At first Kyle was excited that his new adopted brother, Carter, would be moving in permanently. He couldnt wait to be a big brother. It wasnt long before he realized that being a big brother was not always fun. Maybe he didnt want to be a big brother after all. Can Mommy find a way to bring the two brothers together once and for all?
|Product dimensions:||8.50(w) x 8.50(h) x 0.07(d)|
About the Author
Katherine E. L. Norris (Ed.D.) was born in Bermuda but raised in Philadelphia where she attended the Philadelphia Public Schools. After college, she returned to teach in the Philadelphia School District where she taught for over 18 years. For the past ten years, she has been working at West Chester University as a professor of Early Childhood Education. Katherine has always had a love for literature, and although she has academic publications, this is her first children's book. Currently residing in Delaware, Katherine is the mother of two adult son's Aaron and Shaheed and a grandson Aamare.
Most Helpful Customer Reviews
Building Brotherhood One Step at a Time based on 0 ratings. 1 reviews.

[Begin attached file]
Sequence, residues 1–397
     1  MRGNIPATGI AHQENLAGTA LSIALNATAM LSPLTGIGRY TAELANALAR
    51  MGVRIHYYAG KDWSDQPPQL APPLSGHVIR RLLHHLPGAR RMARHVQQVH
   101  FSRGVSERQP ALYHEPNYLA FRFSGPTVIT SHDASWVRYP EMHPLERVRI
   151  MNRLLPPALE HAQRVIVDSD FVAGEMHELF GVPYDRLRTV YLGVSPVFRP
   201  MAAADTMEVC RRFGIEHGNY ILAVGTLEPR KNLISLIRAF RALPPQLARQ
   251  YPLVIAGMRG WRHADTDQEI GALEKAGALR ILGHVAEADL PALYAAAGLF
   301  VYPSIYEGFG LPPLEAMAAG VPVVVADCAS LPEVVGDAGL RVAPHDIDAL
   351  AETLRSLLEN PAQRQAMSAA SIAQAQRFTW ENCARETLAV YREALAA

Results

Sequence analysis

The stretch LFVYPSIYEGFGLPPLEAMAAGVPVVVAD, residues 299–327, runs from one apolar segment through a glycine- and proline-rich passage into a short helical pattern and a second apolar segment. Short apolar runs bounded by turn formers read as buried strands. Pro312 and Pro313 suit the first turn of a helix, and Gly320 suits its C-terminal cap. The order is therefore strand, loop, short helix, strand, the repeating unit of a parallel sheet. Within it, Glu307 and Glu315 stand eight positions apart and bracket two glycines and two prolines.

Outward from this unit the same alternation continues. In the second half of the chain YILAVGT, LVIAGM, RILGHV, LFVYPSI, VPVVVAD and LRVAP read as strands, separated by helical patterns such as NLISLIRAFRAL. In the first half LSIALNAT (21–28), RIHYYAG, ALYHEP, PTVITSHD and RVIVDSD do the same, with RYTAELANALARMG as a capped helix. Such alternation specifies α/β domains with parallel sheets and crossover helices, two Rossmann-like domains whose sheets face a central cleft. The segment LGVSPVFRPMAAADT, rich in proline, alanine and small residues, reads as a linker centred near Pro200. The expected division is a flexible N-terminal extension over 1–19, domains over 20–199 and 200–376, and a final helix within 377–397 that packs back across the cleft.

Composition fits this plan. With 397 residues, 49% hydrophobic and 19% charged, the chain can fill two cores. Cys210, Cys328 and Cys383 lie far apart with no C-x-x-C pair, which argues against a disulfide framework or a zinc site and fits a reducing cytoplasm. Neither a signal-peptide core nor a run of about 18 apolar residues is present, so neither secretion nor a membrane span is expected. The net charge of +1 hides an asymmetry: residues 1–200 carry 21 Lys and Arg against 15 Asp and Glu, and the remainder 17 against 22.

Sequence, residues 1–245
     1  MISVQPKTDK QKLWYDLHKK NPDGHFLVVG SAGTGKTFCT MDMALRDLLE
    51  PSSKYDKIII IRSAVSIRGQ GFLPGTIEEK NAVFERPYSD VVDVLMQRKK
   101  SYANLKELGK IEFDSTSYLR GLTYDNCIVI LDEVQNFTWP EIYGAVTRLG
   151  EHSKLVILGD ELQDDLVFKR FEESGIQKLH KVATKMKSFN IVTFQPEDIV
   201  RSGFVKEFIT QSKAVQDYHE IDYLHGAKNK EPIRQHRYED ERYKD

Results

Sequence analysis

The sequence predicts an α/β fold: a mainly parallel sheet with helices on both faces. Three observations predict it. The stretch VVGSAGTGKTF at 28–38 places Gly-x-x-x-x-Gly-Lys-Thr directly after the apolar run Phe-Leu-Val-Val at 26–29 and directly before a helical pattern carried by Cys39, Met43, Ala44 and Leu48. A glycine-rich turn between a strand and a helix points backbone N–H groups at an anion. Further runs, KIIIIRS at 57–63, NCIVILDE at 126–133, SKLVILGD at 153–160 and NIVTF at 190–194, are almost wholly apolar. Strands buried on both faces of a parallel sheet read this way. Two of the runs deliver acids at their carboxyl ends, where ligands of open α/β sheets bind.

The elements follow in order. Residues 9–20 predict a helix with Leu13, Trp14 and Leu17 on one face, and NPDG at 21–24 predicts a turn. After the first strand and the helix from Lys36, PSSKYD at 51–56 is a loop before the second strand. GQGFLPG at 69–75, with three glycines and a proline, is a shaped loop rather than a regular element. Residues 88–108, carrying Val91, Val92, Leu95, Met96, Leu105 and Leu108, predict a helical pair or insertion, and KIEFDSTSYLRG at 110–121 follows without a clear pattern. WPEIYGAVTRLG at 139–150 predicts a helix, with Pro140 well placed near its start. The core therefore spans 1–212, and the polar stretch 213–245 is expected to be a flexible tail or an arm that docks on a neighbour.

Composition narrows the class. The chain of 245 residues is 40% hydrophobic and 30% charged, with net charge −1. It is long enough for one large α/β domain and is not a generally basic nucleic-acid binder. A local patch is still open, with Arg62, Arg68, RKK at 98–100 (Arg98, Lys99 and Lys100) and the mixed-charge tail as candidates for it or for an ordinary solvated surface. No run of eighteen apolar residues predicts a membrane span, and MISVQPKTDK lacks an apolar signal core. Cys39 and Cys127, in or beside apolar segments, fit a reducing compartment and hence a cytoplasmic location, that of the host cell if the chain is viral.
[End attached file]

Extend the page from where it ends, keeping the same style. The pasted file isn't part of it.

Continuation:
Reviewed by Rosie Malezer for Readers' Favorite Building Brotherhood One Step at a Time is a children’s illustrated tale of sibling rivalry after adoption, written by Katherine E.L. Norris. Kyle is excited to have a new brother, but is soon jealous that he has to share with Carter. When Kyle starts yelling and makes Carter cry, their mother takes them to the forest and teaches them to cross a stream while holding a big stick in their hands. When one slips, the other helps him get back up. Mother explains that having a new brother is like crossing a stream with a big stick – very carefully, one step at a time. Although I was unsure what to expect from Katherine E. L. Norris’ story about the speed bumps paving the way through a new adoption, I quickly found myself not only nodding at the familiarity of sibling rivalry, but also smiling at the quick thinking of the mother in the story. Most families have silly reasons to bicker about one thing or another through jealousies, but there is an added reason for stress when one of the children is adopted. Although the child is very much a part of the family in every way, sometimes they do not always feel like they belong, and it takes some time for the adopted family member to realize that they are loved, accepted and cherished in every way, just as the other family members are. Insecurities play a big part in this but once they are overcome, the huge emotional hurdle involved becomes a thing of the past. Building Brotherhood One Step at a Time is not only well written, it is cleverly titled and I believe all adoptive families should read through the pages, enabling them to see the world not only through their own eyes, but also from the eyes of the adopted sibling/child. I very much enjoyed reading Building Brotherhood One Step at a Time and think it would do well in home libraries, school libraries and social services offices around the globe.